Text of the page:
With heater wire 29 energized, one or more of the conditions of air temperature, air motion or radiant heat is sufiiciently changed to reduce the heat loss from device 42 and cause switch 48 to disengage contact 58, thus breaking the circuit-to relay 5| and deenergizing heater 25. Under normal conditions, heater 25 will then be alternately energized and deenergizedsufficiently to maintain the heat loss from 42 at the rate found de-' sirable for comfort.

Should, for any reason, the heat loss from 42:. decrease due to conditions which would cause the human occupant of thebed to become too warm, switch blade 45 will be moved by bimetal 46 intoengagement with contact 9|, thus energizing relay 52 by thecircuit; secondary wind-- ing 59, Wire- 45, wire 92, winding 53. of relay- 52-, wire 54, contact 9|, switch blade48, wire-"I4 and secondary winding 59.

While the above-description has been in-terms of electric heaters, it is readily apparent that heat may be provided by other means, such-as circulating fluid. In Figure 4, member II'I com-- prises a radiator member having fluid-passages therein extending between an inlet pipe l30 and outlet pipes I3I, and member II 8 comprises insulation as in the previous description. Radiator member H1 is preferably constructed of metal andmay be generally fiat, assuggested by Figures 1 and 2 or may be slightly curved, assuggested Passages- I22 for ventilation area in Figure 8.

Energizing windin 93 of relay 52-pulls switch blade 95 intoengage- 5 provided as before and, of course, may be connected by conduit mean to a blower if desired. To prevent leakage of liquid from radiator mem-" ber II'I, the passages I22 are formed through suitable conduits I33, as shown in Fig 8. Further, the lower surface of II "I may be corrugated, if desired, as shown in Fig. 10, to both stiffen the member and to increase its radiating surface. The fluid passages through II'I may be tortuous, due to bafiies I35 arranged as shown in. Fig 5, or may be more direct with distribution effected by orifices I36 in bafiies I31, as shown in Fig. 6, these examples being illustrative only.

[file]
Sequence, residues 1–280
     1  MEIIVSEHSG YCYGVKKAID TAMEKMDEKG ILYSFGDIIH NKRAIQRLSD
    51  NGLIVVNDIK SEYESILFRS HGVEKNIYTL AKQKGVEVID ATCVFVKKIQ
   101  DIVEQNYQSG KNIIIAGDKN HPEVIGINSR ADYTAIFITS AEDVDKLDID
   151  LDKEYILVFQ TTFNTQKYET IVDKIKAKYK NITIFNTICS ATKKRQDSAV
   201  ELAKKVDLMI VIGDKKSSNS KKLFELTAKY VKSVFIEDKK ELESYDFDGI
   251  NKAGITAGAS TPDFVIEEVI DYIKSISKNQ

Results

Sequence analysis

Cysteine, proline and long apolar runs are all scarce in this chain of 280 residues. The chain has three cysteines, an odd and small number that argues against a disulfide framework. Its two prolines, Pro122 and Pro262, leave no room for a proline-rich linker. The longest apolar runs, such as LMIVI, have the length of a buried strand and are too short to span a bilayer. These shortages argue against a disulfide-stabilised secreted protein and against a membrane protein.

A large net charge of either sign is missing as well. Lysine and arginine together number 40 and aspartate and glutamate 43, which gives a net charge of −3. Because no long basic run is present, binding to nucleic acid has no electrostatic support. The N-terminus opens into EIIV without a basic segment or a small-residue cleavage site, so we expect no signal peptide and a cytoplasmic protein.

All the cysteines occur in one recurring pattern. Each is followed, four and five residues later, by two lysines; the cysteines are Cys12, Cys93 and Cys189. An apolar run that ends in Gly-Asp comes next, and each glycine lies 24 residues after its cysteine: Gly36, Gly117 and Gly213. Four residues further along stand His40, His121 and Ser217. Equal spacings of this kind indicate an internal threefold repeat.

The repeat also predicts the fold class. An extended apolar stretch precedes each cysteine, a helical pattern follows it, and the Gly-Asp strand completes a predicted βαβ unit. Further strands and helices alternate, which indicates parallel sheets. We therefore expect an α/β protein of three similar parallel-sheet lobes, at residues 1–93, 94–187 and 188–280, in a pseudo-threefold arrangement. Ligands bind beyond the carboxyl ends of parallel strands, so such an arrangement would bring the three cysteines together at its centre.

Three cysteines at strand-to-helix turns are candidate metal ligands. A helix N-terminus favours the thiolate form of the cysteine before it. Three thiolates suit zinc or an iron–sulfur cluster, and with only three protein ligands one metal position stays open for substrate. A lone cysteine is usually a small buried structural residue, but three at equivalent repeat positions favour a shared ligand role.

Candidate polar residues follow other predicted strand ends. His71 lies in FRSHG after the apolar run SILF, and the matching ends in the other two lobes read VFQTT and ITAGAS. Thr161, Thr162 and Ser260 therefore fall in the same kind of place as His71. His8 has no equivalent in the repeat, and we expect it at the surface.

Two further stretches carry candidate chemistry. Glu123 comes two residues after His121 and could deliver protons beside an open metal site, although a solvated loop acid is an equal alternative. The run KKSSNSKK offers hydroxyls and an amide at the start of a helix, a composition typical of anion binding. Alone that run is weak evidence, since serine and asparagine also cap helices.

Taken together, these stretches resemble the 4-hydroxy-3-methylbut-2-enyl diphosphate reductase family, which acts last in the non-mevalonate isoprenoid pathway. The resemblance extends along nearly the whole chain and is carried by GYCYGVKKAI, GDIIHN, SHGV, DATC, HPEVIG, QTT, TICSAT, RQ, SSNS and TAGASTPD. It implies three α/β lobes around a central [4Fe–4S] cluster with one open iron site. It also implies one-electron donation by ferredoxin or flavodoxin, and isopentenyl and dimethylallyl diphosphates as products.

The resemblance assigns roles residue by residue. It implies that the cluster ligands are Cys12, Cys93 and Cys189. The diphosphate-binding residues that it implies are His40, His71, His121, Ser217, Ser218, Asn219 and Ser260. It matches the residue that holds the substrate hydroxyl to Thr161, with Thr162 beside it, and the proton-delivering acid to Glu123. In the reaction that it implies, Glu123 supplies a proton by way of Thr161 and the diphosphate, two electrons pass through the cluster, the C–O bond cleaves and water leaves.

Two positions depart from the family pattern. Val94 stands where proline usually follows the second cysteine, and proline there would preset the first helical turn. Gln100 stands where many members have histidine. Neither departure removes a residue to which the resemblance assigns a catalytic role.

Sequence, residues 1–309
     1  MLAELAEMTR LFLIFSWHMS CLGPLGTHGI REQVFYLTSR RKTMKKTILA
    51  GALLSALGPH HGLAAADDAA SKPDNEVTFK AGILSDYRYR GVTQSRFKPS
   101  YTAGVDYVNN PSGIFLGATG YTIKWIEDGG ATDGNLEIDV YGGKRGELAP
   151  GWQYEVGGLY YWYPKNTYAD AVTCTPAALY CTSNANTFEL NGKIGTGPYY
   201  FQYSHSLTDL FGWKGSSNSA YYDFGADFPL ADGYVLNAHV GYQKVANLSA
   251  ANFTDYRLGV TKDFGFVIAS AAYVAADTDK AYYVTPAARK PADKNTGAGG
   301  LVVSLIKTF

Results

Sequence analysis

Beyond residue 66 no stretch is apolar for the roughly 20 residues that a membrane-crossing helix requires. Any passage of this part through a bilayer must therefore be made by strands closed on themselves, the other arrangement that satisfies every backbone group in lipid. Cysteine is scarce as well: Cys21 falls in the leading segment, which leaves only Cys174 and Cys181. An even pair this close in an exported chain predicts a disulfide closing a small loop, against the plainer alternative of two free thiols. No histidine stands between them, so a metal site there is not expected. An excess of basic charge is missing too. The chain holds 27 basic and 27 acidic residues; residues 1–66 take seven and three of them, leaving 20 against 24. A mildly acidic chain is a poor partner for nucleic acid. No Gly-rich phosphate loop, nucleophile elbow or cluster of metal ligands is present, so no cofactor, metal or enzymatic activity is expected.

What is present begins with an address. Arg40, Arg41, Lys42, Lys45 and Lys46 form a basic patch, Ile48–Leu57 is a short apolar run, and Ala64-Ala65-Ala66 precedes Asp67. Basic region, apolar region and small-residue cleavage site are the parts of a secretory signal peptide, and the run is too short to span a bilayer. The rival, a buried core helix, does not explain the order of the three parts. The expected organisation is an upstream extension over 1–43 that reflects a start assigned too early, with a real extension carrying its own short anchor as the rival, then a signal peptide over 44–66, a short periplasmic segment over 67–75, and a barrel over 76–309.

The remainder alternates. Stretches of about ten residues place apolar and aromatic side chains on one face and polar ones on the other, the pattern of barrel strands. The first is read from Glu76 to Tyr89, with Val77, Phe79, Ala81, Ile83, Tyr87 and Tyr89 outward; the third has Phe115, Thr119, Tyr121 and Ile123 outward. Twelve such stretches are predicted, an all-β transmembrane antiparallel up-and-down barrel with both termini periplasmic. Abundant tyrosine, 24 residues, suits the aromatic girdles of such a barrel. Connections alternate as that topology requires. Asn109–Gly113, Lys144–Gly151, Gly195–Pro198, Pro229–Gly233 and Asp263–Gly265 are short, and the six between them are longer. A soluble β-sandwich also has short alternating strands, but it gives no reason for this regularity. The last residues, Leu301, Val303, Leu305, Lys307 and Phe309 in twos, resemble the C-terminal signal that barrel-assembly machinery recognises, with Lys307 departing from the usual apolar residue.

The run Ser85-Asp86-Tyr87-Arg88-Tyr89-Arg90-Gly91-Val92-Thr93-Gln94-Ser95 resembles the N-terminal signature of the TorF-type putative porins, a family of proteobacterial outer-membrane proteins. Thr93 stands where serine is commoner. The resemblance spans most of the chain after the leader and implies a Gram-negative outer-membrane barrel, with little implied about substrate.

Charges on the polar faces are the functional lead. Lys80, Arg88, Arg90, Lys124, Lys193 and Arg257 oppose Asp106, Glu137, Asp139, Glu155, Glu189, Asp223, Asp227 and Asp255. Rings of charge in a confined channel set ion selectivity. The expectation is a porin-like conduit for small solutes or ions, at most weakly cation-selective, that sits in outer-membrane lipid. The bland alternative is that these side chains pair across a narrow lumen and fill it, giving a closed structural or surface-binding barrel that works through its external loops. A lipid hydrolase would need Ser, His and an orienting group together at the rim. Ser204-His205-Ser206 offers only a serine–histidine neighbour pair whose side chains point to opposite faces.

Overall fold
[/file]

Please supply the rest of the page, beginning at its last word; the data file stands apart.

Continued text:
The heat exchange fluid in the modification of Fig. 4 is caused to circulate by the thermo-siphon principle but a circulator HI may be used if found necessary. Also, other conventional accessory equipment commonly used with circulating fluid heating systems, not shown, may be provided for the present sired. Outlet pipes I-3I connect with a return pipe I-4I which connects through circulator III to one port of a three way valve I42, another passage of the valve connecting with pipe I43 which leads to the inlet of heat exchanger I44. The outlet of heat exchanger I44 connects to pipe I38, thus forming a circulating path including radiator member IIl, pipes I31, pipe I4I, circulator I'TI' (if used), valve I4 2, pipe I 45, heat exchanger I44 and pipe I58 back to II-I. Heat exchanger I44 is also connected in fluid flow relation with the domestic hot Water system of the house,- not shown, pipe I45 being connected to the hot" water pipe of the system and pipe I46 being connected to the bottom portion of the hot water tank of said system. Obviously, I44 may be directly heated if desired.

Whilevarious arrangements are feasible for controlling thetemperature of the water cir'-- cu'l'ate'd through ill, a good system comprises a Icy-pass I48 extending from the remaining port of thethree way valve to-pipe I35, thus by-passin'g" heat exchanger I44. Valve I42 is adjustable fromthepositionshown in which all liquid passes through heatexchanger- I44'to an opposite position in which no liquid passes through I44" and all* flow is through by-pass M8. Valve I42 is operated by a conventional slow acting geared reversible motor having an operating arm I50 connected-to the operating arm I5I of valve I4'7 by-a link I52.

Valve I42 is-controlled from a device 42 in a manner generally similar to the operation previously described. With line wires E54 and 555 preferably at a low voltage, heater 45 is energized by the circuit: wire I54, wire I65, ballast resistor 65, wire IGI, heater 45 and wire I62 back to-wire I55. Assuming that conditions are such that 42' is losing heat at a higher than normal rate and switch blade 48 engages Contact 69,- motor I49 is energized in a manner to drive armdirection of operation drives valve I42 in a direction to close the by-pass port and to direct all flow through pipe I43.

circulating system, if de- If a lessened rate of heat. loss from 42 causes blade 48 to disengage contact. 69 while valve I42 is at an intermediate position,. that position will be maintained until device 42 calls for further adjustment of said valve. Should the rate of heat loss from42 decrease sufficiently to cause blade 48 to engage 9|, motor- I49'-W-il1 then be energized by the circuit: wire I; wire I 63 blade 48, contact 9 I, wire I56, motor 149", wire Hi5 and Wire I54. This circuit energrass motor [49 in a manner to drivearm 150 in a counterclockwise direction and thus adjusts valve H32 in a manner to close ofi the port to pipe I43 and open the port for by-pass I48, thus diminishing the'heat supplied to the circulating liquid.